Welcome back to Post #2 in the Series: How to Earn Passive Income with Affiliate Links as a Writer!
Last time, we talked all about niches and how to create yours.
Today we’ll be taking on the question of how you know if you’re qualified to write in your niche. Talking about qualifications may have the hair standing on the back of you neck, but have no fear.
Even if you aren’t qualified to write in your niche now, you can be in just one easy step.
Why Qualification Matters
We’ve talked before about how people tend to buy things from people they trust. Part of developing that kind of audience is choosing the right niche. Another part is making sure you are an authority on the subject.
People want to know they’re reading high-quality information that is either accurate, well-informed, or both.
Some topics, like art, can’t necessarily be accurate. Yet a niche blog about art should be written by someone who loves art, makes art, or consumes a ton of art.
Topics like sporting games or healthy living, though, should be written with some knowledge of the facts.
However, writing well-informed and/or accurate content does not mean you need an expensive degree or a fancy certificate. Want to become more qualified in your niche? Read on.
How to Become More Qualified in Your Niche
Believe it or not, becoming qualified in your niche only requires research. Research doesn’t have to be hard. Just like the research you did to create your niche, utilize free tools (like Google) to find information before pulling out your wallet.
How exactly should you go about researching your niche so you can become more qualified to write about it? Let’s take an example: our niche book blogger from last week.
A Case Study
After analyzing the results of all their niche audience research, our book blogger friend has decided to create a niche blog where they review YA Fantasy books about mermaids.
Our book blogger friend has one problem: they’ve never written a book review before, let alone read any YA Fantasy mermaid books! Right now, our book blogger friend is probably not qualified to write in their niche.
Not to fear! The internet is here! Our book blogger friend just needs to do a little research.
1.Our book blogger friend googles “how to write a a book review”
They find five reputable websites that go in depth about how to write a book review. Our book blogger friend then takes all the research and comes up with a method that fits their needs, niche audience, and personal writing style.
After a few practice reviews, our book blogger friend is ready for the next step!
2.Our book blogger friend googles “YA Fantasy mermaid books”
Should our friend buy the five most popular books? Probably. But they should also buy five mermaid books with middling reviews, five mermaid books with bad reviews, and five mermaid self-published e-books.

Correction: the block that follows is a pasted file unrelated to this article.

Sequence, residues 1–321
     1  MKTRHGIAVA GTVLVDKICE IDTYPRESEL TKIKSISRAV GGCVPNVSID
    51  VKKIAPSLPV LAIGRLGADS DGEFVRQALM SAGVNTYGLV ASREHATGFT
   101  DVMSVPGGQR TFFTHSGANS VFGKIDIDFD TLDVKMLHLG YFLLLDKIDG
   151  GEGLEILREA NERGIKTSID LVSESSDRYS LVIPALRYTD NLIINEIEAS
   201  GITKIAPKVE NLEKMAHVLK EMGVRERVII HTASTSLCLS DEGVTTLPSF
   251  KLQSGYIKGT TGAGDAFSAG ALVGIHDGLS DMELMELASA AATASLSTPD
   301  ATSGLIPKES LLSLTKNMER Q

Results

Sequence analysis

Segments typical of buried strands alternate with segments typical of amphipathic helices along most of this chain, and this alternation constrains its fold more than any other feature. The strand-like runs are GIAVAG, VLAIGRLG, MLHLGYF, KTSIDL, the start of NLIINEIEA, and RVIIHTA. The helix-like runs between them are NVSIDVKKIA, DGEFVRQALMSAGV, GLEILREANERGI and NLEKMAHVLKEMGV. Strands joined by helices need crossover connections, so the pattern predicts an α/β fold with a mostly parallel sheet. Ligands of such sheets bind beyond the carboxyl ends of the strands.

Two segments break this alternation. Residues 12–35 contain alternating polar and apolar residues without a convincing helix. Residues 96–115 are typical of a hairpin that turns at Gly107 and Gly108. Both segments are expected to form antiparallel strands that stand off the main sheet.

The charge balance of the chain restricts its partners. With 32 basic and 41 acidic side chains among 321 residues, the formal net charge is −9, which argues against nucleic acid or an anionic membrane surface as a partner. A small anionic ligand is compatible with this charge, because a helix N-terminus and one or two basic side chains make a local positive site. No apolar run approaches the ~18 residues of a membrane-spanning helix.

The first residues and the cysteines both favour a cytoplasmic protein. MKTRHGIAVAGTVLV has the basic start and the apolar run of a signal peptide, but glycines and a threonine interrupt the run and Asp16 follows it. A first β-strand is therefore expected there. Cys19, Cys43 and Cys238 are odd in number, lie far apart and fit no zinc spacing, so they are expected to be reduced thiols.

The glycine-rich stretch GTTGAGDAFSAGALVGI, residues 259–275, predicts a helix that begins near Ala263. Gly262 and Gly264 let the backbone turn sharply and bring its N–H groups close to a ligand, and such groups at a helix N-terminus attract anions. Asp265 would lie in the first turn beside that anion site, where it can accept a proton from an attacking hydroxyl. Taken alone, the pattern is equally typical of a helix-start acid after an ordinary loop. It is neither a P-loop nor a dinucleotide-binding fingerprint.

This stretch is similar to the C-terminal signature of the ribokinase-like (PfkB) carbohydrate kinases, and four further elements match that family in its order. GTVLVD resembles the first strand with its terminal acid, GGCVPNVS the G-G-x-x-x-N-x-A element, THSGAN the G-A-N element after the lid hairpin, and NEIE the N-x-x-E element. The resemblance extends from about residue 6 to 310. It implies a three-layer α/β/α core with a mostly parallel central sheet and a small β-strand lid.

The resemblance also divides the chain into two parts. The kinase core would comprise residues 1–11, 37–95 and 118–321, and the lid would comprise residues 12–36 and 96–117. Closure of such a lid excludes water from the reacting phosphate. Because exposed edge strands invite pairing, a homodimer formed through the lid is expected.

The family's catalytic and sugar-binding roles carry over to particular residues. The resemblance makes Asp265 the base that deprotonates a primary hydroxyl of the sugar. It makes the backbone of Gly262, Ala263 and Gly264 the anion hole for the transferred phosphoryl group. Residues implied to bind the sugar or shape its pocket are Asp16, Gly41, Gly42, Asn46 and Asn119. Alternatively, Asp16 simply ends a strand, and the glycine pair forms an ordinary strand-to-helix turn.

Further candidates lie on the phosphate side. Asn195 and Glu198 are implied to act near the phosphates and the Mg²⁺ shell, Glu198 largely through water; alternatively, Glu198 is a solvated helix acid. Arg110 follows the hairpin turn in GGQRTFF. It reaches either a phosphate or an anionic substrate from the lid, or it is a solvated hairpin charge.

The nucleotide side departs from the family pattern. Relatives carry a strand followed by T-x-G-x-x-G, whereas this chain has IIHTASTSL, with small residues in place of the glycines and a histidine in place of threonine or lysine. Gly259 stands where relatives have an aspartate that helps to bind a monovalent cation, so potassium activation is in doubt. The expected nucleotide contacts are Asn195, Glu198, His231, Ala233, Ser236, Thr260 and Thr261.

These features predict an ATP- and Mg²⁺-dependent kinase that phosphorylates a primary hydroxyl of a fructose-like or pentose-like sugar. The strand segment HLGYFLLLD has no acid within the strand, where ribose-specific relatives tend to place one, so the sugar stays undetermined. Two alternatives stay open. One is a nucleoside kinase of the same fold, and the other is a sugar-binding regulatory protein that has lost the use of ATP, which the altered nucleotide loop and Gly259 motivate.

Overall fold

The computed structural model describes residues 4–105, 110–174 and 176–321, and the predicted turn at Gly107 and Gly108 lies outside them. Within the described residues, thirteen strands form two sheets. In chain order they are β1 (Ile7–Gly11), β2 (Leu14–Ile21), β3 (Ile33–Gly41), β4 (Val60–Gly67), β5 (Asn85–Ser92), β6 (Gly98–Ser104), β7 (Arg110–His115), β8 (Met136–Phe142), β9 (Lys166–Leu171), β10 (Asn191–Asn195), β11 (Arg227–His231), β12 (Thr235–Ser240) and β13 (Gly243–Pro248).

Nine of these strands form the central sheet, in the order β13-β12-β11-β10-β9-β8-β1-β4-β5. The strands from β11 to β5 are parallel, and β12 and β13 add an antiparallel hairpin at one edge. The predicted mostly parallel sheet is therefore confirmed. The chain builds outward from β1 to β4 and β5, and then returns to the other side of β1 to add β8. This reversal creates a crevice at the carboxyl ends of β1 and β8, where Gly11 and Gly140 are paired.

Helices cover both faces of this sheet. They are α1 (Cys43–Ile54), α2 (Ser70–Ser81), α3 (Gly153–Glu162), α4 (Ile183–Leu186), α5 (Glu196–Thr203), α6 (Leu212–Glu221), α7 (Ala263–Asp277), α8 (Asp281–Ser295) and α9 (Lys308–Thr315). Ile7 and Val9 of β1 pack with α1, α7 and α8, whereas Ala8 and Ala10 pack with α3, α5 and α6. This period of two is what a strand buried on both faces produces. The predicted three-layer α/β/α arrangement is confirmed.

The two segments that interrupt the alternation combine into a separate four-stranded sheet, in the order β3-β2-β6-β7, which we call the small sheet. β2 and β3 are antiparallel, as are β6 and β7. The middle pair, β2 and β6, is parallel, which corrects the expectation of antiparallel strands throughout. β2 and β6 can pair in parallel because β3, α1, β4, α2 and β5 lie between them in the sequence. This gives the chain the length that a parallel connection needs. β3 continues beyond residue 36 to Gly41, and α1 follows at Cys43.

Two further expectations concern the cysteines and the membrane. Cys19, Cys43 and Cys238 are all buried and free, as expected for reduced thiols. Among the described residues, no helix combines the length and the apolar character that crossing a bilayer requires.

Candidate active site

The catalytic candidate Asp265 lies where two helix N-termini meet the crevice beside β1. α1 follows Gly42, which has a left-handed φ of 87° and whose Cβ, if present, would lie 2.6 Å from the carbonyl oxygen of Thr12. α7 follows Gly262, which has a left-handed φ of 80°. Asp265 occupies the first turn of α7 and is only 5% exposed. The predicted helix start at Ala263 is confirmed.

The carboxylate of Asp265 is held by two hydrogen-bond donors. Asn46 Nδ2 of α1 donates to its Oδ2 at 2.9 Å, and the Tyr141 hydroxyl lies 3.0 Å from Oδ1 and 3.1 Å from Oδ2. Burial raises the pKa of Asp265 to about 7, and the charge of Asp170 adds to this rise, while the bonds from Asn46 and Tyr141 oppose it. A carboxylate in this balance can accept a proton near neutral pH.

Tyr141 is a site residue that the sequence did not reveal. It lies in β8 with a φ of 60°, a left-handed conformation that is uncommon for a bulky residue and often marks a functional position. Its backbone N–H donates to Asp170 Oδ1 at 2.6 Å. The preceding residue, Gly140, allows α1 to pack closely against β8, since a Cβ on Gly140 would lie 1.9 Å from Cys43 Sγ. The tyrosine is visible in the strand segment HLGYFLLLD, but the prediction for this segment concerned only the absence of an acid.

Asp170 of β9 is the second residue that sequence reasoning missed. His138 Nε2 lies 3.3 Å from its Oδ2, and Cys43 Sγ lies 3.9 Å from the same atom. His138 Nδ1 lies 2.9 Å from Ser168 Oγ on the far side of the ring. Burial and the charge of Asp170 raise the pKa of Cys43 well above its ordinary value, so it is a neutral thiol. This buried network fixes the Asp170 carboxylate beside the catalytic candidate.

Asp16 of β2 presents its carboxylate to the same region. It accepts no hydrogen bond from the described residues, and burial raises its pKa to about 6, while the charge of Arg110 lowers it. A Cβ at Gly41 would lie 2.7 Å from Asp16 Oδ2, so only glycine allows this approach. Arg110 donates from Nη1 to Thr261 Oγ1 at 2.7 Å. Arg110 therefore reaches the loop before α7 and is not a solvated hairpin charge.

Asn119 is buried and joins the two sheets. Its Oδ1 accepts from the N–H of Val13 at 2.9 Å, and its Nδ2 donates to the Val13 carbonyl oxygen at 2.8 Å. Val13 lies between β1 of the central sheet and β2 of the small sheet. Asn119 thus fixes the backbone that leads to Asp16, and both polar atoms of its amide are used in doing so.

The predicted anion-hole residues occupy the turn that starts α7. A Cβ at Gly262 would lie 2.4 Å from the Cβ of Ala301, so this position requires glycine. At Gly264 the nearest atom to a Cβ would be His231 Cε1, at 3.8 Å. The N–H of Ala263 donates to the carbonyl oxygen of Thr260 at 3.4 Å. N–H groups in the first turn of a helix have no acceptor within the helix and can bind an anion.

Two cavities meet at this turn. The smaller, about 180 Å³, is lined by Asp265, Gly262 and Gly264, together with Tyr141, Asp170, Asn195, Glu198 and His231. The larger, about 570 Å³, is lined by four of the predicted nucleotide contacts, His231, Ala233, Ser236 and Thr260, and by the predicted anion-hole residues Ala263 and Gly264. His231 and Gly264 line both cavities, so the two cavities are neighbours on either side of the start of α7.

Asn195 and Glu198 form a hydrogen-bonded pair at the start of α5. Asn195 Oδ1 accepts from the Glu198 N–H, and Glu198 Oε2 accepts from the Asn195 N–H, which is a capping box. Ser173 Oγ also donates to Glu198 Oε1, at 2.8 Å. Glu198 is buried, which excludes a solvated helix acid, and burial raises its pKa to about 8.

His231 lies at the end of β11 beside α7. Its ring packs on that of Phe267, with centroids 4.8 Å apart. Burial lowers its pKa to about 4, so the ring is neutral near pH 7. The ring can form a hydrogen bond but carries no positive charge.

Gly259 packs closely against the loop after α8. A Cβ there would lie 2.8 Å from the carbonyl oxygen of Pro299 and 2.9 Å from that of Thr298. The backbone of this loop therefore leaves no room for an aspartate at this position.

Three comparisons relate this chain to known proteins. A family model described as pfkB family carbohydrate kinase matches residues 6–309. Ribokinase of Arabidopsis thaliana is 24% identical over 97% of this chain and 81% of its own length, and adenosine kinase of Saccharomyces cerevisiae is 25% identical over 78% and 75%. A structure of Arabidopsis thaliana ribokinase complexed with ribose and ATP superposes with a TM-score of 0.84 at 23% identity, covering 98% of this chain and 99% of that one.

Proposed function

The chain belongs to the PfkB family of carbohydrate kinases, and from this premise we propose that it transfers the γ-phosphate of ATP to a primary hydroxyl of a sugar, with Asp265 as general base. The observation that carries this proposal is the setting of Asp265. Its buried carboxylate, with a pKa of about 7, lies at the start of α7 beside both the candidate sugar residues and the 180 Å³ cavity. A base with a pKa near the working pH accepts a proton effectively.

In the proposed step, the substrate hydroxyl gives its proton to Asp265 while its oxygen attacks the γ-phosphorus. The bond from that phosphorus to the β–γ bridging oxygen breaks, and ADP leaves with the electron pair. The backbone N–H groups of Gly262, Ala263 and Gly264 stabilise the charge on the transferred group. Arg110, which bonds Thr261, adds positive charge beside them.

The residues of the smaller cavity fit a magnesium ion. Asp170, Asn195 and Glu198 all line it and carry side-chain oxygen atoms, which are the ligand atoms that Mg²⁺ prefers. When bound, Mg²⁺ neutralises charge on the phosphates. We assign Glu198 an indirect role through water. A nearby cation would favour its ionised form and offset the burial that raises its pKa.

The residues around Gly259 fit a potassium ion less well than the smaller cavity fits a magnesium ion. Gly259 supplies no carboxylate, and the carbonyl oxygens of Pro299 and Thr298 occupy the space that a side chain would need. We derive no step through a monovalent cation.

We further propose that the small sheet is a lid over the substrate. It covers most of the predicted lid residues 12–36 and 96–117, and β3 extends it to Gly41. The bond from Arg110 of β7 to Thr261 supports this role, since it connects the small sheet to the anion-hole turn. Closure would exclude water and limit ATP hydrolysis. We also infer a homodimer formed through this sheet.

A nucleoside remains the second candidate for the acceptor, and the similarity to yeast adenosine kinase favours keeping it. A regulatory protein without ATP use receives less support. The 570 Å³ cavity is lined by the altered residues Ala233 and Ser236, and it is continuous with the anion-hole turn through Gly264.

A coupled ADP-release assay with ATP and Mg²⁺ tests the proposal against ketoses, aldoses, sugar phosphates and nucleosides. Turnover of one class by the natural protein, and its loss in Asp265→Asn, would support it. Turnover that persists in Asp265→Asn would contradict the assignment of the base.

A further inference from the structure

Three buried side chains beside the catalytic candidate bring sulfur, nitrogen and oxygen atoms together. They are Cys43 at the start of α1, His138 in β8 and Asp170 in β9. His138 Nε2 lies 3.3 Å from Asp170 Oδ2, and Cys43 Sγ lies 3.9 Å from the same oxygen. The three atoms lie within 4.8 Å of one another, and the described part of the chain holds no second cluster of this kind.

After reading all of them, our book blogger friend knows the tropes and trends of their genre and is ready to write the first book review for the YA Fantasy mermaid book review blog!
So that’s it!
How you can make sure you’re qualified to write in your niche and start making money off it. Tune in next week for Post #3: How to Choose a Profitable Niche. Leave a comment and let me know how you research topics in your niche.
Why Writers Should be Thankful for JK Rowling
With all the negative press the new Fantastic Beasts film received this week, let’s reflect on some reasons we should be grateful for JK Rowling this Thanksgiving.
1. Her Tweets to Writers
JK Rowling is known for giving to charities, but perhaps less known for the advice she gives to new writers.
On Twitter, Rowling can usually be found offering hilariously on point political commentary or sharing articles about one of her many charities. Perhaps the most revealing thing about Rowling’s interests, however, are shown in her tweets to writers.
As this article points out, Rowling has a history of jumping in on threads in which new writers bemoan how hard writing can be. As writers, we should be thankful for a superstar author like Rowling taking the time to remind us how un-glamourous was her rise to fame.
2. Paving the Way for New Writers
Before Harry Potter was released, the public viewed writers and authors as penniless artists in a world where capitalism reigned supreme.
JK Rowling’s success story convinced writers that they, too, could make a living writing.
Next time your parents or peers laugh at you for pursuing a writing career, just remind them: The Harry Potter brand is worth $25 Billion and counting.
3. Keeping the World Spoiler Free, One Tweet at a Time
If you can’t tell already, I’m a huge fan of Rowling’s Twitter platform. She always keeps it real and reminds us that she’s just like the rest of us.
Like the rest of us, Rowling hates spoilers. That’s why she started her #ProtectTheSecret campaign on Twitter to keep the plot twists in Fantastic Beasts spoiler free.
With her gigantic audience of over 14 million followers (as of this publication), Rowling always seems to use her platform for good. This time, reminding viewers everywhere just how important it is to respect peers and artists’ work.
4. Reminding Bloggers Why We’re Lucky
If you’ve read the news, Rowling is under fire for some questionable choices made regarding the newest addition to the world of Harry Potter. Authors have it tough. Once their books are published, they lose a sense of creative control over their work.
While the choices made in Fantastic Beasts 2 may have worked if published in the original series, they are under fire for stepping outside of cannon. Cannon, meaning statements originally made in the published Harry Potter series that are now taken as truth.
Online content writers– we’re lucky. We can go back and edit our posts. We can even hide out posts if we’re unsatisfied with the way they’re received.
Thanks, JK Rowling, for reminding bloggers everywhere why we should be grateful that we can edit out work long after it’s published.